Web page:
Saturday, June 19, 2010

10 Lessons I've Learned from My Father

1) Fathers are leaders, whether they accept it or not.

It seems obvious, but dads are commanded to be leaders of their family. My dad was a great leader for our family. Growing up, the he was there making the tough decisions, guiding us with wisdom as to which direction the family should go. Sure, his job demanded he be that, but it was because he was an extraordinary leader of his family that he could be successful at his career.

2) People don't remember your car, they remember your integrity.

Growing up, we were never fortunate enough to have the nicest car or clothes. We weren't in poverty by any means, but we lived according to our means. Through watching my dad, I realized material things mean nothing. It's the impact we leave on others. To this day, my dad gets phone calls and letters from those in his past that he had a profound impact on. That's a legacy that extends far beyond any vehicle.

3) It's okay to bend the rules now and then.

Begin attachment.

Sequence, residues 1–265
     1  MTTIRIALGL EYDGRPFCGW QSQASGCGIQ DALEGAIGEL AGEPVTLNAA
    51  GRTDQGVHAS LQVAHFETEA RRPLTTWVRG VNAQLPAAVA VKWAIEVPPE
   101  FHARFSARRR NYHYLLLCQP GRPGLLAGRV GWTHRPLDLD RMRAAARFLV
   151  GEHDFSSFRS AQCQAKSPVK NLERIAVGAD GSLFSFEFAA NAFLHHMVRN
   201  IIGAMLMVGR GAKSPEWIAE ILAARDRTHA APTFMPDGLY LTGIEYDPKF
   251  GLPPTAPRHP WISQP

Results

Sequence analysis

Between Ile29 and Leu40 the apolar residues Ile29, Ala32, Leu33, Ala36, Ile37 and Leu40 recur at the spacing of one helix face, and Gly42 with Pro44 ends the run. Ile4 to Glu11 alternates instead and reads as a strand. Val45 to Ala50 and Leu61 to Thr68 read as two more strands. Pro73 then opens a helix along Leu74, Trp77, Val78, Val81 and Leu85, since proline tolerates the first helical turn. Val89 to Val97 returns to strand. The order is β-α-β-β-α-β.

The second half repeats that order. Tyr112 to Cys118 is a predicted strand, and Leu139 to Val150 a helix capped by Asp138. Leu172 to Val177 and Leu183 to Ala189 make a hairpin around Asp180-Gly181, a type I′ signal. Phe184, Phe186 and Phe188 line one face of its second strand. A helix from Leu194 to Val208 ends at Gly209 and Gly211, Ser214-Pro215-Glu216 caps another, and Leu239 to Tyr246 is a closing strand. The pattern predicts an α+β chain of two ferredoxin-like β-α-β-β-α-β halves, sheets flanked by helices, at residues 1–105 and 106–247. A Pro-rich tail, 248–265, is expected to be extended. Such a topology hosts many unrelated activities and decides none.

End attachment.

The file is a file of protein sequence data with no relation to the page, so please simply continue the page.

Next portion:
One of the fondest memories I have as a child was on a night while getting ready for bed. I must have been 7 or 8, facing the rigors of an 8:30 bedtime, just long enough for me to get to watch Alf. One night, out of the blue, dad came and got me and told me to get dressed. Little did I know he was taking me out to see the He-Man movie (my super hero at the time). It was such a huge thrill to not only be up past my normal bed time, but to actually be out in a movie theater with my dad watching a movie! I can't even remember much about the movie, but I can still remember how I felt that night, all because my dad bent the rules for me a bit.

4) Helping a stranger never hurt anyone.

Growing up in a pastor's house, you see things that are different than a typical kid sees. I saw my dad help countless numbers of people, be it strangers needing to make a phone call at 3:00 in the morning, or a horrific wreck on the highway. Some may say that he had to help people; that was his job. But those people don't know my dad. The compassion he has for people is overflowing, and I saw examples of it everywhere. He genuinely cares for people.

5) You have to shuck the corn before you can eat it.

I say shuck the corn, because as kids, we literally had to shuck corn. Or take peas out of the pod. Or pick okra and blueberries. We didn't do it all the time, but when it was time to do so, we pitched in. Not always voluntarily, mind you, but through those moments and other chores, I learned a strong work ethic. My dad worked hard at his job, but also when he was at home. He helped mom around the house, and did much of the work outside. The value of manual labor was not lost on me. My dad's work ethic wasn't either.

6) Make your children's interests your own.